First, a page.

One of the questions I see posted quite often on knitting forums… “The pattern is talking about “Ease” What does this mean?” The writers go on to question negative vs positive ease, the amount of ease, why there is so much ease, etc etc.
Ease in a pattern refers to the fit of a garment, ie. how much larger or smaller it is than the actual body measurements.
Negative Ease means the garment is smaller than the body measurement. Positive is larger than the body measurement. If you are like me, you might have trouble remembering which is which. Or I might be the only person in the entire world who has this problem! My Mom suggested I think of it this way (back when I was about 16 years old and gravity hadn’t attacked my figure yet). “If your Dad is going to like how a sweater fits, he’s positive about it. So it’s going to be big and baggy. If your Dad is going to make you go change out of the sweater, that means he’s negative about because it emphasizes your attributes a wee tad too much because it’s too tight. Positive and Negative.” I’ve never gotten them mixed up since.
Let’s talk about Positive Ease a little. It’s likely most of the sweaters and jackets you’ve worn have had positive ease so it’s easier to move (and your Dad is happy). But why is the amount of positive ease in a fingering weight sweater recommended to be around 2 inches, and in a super bulky, it’s 6 inches?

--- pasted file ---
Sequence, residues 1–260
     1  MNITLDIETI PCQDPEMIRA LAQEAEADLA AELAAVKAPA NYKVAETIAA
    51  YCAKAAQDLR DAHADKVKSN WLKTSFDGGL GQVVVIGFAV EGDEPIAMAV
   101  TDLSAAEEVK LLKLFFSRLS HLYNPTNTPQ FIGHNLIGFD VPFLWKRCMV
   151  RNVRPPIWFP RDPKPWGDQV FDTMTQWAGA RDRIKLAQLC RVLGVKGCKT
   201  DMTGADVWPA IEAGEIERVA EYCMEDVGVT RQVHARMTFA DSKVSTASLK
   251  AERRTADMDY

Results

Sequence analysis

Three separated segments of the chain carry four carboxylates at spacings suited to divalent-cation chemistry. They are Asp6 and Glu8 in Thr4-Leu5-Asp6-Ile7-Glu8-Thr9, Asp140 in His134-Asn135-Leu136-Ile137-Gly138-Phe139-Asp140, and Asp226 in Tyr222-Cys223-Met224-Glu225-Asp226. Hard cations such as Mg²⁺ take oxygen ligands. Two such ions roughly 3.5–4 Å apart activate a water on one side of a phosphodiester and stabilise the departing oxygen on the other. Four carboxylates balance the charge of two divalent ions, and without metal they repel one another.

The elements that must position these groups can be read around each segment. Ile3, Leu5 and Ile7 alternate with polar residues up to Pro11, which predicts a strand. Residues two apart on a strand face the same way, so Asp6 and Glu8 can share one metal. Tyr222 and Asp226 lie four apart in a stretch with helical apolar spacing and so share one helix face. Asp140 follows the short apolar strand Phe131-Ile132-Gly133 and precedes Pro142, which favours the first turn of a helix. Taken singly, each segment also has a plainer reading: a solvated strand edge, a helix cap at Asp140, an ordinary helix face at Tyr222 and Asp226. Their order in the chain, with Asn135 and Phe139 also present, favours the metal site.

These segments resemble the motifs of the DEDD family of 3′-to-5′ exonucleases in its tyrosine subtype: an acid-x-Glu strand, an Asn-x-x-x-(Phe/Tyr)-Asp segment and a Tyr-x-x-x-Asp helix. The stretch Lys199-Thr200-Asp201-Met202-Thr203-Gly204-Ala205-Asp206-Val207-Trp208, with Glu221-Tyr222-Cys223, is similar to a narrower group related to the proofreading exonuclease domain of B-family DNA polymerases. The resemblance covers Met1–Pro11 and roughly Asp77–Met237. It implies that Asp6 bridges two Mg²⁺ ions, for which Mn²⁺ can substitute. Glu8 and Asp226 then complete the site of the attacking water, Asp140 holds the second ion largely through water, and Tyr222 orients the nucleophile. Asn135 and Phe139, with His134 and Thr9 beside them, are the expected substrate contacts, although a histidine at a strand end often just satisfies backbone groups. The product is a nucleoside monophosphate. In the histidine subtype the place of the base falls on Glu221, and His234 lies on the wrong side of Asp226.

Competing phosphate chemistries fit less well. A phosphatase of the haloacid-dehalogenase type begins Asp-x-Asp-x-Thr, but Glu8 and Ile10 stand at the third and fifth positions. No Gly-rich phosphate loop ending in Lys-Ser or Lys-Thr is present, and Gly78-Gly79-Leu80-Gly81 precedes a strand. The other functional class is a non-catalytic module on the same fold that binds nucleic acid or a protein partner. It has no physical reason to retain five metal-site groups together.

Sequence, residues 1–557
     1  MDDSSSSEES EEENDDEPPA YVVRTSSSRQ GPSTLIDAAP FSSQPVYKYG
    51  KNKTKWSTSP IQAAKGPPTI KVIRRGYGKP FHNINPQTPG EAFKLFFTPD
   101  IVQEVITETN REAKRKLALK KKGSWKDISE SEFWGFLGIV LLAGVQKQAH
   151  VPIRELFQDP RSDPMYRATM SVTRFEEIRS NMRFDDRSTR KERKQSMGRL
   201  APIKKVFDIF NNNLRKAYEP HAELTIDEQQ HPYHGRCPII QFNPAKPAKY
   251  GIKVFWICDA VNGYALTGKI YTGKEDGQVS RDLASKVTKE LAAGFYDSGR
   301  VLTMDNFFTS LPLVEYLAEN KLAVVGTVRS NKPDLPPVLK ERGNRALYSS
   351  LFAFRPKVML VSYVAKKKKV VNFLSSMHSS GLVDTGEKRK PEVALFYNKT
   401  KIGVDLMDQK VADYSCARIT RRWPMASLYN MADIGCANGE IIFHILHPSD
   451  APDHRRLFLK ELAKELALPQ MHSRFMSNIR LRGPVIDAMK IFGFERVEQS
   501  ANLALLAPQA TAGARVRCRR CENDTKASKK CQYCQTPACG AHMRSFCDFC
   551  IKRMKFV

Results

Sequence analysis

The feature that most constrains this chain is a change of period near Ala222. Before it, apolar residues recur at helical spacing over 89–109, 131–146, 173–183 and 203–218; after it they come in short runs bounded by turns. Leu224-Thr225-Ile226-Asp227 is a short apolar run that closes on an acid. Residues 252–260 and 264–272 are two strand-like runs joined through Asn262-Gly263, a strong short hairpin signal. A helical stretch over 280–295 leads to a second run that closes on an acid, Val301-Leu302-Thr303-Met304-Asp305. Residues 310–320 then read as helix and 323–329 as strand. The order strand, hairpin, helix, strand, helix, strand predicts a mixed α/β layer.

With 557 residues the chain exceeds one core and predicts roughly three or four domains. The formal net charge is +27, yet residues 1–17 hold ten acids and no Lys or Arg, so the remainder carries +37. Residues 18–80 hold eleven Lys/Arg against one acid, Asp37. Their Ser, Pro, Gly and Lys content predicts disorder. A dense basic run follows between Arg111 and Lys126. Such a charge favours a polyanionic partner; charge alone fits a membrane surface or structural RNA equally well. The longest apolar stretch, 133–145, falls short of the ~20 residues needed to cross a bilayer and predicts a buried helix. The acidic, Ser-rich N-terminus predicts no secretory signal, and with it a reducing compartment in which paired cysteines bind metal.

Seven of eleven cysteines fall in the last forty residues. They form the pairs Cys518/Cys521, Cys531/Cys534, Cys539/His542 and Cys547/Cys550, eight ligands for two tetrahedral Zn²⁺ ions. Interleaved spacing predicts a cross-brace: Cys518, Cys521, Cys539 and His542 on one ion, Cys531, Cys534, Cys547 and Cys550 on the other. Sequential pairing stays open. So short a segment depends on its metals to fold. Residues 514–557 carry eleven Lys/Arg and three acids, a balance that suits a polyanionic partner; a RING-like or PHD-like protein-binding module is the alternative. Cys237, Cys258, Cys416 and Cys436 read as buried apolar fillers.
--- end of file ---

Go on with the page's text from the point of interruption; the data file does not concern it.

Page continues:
Think about a pipe with thin walls. The circumference of the inside of the pipe is not much different than the inside circumference. But if you have a pipe with very thick walls, the outside circumference is very much larger than the inside circumference! Your fingering sweater is like the thin walls, your super bulky is like the thick walls. So a 2 inch “positive ease” on a super bulky can, in fact, wind up looking like negative ease!
[You can check the math if you like. Take the diameter of the outside of the pipe, multiply by Pi (3.14). Now take the diameter of the inside of the pipe, and multiply that by Pi. Take a look at the difference!]
Where do you need negative ease if you can’t see yourself in a snuggly fitting sweater? Two very common places are hats and socks. These fit much better and stay in place if they have to stretch a bit to go around the head or foot. Negative ease helps prevent your hat from sliding down over your eyes, and helps your socks from sliding down into shoes. 10% is a nice number to use. Not only is it a good amount, it makes for nice easy math! Skirts with lace or cables can be lovely worn with negative ease as it will showcase the pattern by stretching it out.
I hope this brief over view of Ease helps you pick your next pattern!